PHYLUM- Magnoliophyta
    Sometimes known as Angiosperms, this phylum includes flowering plants.  The major defining characteristic of this phylogenetic group is its distinct reproduction.  As breifly mentioned, all organisms within this phylum have a specialized method for transferring pollen called flowers.  These are aesthetically modified leaves which aid in pollen transfer and reproduction in general.  Fruits are also very common in this group as they help to protect the seeds and embryos.  The horse chestnuts spiny fruit is a great example of providing intense protection of the embryo.  Also in the reproduction of these organisms, two sperm cells unite with the 2 polar nuclei in the female gametophyte.  This is the only phylum of plants which contain the process just explained termed double fertilization. 

    The phylum Magnoliophyta is split into three classes, Magniolopsida (or eudicotyledones), Liliopsida (or monocodyledones) and Magnoliids.  The terms listed in parenthesis come from the number of cotyledons in the seeds.  Monocodyledones only have one and eudicotyledones have two.  If the seed is not available for examination there are luckily many obvious distinguishing factors between these two classes.  Eudicotyledones like the horse chestnut have flower groups in multiples of 4/5s, secondary growth, vascular bundles in a ring formation, and net-shaped leaf venation.  Monocodyledones on the other hand have flower groups in multiples of 3s, no secondary growth, randomly placed vascular bundles, and parallel leaf venation.  To read about another organisms that is part of this class visit Passion Fruit.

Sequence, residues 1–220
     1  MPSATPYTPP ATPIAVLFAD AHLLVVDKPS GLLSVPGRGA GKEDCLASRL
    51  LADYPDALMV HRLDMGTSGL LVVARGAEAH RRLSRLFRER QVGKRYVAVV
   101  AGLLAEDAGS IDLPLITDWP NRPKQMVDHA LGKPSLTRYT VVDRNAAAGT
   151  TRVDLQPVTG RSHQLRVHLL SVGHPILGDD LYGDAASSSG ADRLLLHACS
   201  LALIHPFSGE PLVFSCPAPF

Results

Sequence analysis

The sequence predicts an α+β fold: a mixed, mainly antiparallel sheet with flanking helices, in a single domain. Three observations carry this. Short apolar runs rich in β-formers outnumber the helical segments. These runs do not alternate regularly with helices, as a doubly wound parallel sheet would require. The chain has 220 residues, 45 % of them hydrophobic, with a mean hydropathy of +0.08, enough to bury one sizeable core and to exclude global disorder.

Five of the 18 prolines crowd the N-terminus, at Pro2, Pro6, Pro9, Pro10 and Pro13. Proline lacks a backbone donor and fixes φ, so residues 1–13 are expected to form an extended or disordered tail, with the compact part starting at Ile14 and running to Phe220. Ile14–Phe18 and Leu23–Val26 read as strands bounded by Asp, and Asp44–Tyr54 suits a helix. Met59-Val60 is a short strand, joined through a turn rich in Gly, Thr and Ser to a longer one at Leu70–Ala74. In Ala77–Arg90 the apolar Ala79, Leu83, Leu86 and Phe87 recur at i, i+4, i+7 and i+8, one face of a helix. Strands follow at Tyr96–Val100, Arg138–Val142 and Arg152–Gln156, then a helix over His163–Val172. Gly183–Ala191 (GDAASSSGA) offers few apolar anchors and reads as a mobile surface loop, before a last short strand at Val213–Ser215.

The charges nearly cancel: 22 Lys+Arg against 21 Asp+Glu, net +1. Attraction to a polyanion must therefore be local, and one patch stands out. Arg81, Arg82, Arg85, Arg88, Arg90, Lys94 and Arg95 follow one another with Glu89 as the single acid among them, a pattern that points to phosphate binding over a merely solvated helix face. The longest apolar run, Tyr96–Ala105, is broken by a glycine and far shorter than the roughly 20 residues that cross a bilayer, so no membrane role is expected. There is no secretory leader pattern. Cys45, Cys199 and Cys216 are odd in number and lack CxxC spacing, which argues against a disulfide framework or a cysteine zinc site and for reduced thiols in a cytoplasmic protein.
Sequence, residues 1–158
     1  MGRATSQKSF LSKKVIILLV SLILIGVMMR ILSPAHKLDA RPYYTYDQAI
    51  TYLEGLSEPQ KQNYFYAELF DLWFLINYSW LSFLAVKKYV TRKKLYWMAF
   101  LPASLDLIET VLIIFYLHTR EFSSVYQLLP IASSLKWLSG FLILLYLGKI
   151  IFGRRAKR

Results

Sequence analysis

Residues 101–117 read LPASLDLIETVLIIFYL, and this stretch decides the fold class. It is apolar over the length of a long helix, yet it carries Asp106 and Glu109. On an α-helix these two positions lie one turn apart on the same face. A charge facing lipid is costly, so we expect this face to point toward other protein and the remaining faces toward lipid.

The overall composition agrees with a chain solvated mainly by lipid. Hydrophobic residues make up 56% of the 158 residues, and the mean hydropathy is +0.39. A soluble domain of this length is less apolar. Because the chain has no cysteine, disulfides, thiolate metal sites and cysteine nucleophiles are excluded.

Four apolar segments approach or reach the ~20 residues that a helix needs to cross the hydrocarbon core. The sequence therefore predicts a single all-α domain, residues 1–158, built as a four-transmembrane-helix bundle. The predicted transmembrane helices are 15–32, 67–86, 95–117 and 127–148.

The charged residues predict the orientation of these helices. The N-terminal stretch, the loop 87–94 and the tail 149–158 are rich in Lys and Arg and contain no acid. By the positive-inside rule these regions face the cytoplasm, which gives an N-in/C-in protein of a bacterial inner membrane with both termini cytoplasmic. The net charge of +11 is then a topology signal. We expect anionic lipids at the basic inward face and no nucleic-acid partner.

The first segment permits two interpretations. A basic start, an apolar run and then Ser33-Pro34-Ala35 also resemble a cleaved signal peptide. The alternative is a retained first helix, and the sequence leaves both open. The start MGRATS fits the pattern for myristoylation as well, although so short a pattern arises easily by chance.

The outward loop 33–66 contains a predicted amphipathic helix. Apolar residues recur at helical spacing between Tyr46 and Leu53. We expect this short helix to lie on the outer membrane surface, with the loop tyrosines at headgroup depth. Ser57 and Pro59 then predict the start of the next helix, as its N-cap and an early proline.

ORDER- Sapindales
    The stereotypical organism in this order would be a woody plant with compound leaves and dioecious flowers.  Other families in this order are Rutaceae, Meliaceae, Simarougaceae, Anacardiaceae, Burseraceae, Kiracaea, Aceraceae, Biebersteiniaceae, and Nitrariaceae.  The grouping together of these seemingly very diverse families was completed through the use of DNA data, morphological characteristics and chemistry.  Even so, there is still dispute on the organisms that should be included in this order. 

FAMILY- Hippocastanaceae
    There is little dispute as to whether the Aesculus hippocastanum should belong to this family however as it is often referred to simply as the horse chestnuts.  This family consists of deciduous trees with palmately compound leaves and an inflorescence.  An inflorescence is a cluster of flowers that come directly from the stem of the plant.  This, in a large part is what allows for such aesthetic looking trees.